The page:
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December 10 – Cold and dry before weekend rain

The drumbeat continues with more mainly clear and cold weather in the forecast as we head into the midweek. By the end of this stretch, we could be looking at 12 straight days without measurable precipitation in Providence and Bridgeport. The last streak that long in Providence was from late August to early September, and there has not been a streak that long all year in Bridgeport. 

The temperature is running below normal for the month with just two of the 10 days above normal so far. The high temperature struggles to reach 40° both Tuesday and Wednesday. It will be even colder on Thursday. All the while, expect some sunshine each day. A weak disturbance passing through Wednesday night will bring some clouds, but probably not much in the way of precipitation. There’s a good chance it stays dry with just a few flurries possible. 

Clouds increase on Friday as it stays chilly. A storm moving out of the South Central United States brings rain by early Saturday. It can take a little while to dislodge cold air, so I’ll be watching to see if enough hangs on for a bit of snow/sleet at the onset. Odds favor mainly or all rain from this system. Saturday could be a washout depending on how the storm evolves. It will be a raw day with temps in the 40s to near 50 at the coast. Wind does not look like a big factor with the storm.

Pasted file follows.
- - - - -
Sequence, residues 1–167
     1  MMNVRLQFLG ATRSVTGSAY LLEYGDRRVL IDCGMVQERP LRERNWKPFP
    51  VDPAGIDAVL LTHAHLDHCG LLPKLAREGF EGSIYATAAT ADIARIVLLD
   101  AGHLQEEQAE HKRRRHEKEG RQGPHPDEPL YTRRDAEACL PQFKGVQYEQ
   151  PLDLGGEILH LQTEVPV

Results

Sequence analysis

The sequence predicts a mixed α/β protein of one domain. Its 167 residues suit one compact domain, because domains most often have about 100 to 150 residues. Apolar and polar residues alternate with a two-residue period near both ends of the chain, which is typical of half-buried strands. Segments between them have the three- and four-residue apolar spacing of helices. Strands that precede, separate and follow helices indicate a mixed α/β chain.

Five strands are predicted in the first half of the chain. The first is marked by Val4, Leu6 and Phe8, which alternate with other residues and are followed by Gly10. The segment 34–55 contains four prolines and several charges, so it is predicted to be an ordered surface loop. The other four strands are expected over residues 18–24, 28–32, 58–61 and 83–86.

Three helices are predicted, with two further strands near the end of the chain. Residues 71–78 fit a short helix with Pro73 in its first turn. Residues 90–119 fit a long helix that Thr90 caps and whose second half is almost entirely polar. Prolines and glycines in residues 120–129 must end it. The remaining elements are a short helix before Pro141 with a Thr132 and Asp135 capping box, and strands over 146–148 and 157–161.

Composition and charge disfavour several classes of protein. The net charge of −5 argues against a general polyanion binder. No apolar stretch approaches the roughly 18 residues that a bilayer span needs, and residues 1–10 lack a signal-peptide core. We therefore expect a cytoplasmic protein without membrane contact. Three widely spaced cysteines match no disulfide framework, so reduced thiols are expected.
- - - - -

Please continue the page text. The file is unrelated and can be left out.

Rain likely returns on Saturday

Dry weather moves in on Sunday, with seasonable temps in the low 40s. It will stay cool in the early to middle part of next week before a warming trend in the mid to late workweek. By then, it’s less than a week until Christmas, and the ground will be bare of snow. The historical odds of a white Christmas (1″ snow on ground) are less than 50/50 in most of CT, RI, and SE MA, and this year it looks like a long shot to get any snow before the holiday. 

A relatively warm stretch in the Northeast form December 15-25

The European weeklies computer model is arriving this evening, and there are signs of a colder/active pattern between Christmas in the New Year. It’s certainly not unusual to get a winter storm in that time frame. I will have an update on what the weeklies showed for the next 4-6 weeks on Tuesday. In the meantime, stay warm! 

Fred Campagna

President and Chief Meteorologist - Right Weather LLC AMS Certified Consulting Meteorologist #756 AMS Certified Broadcast Meteorologist #126

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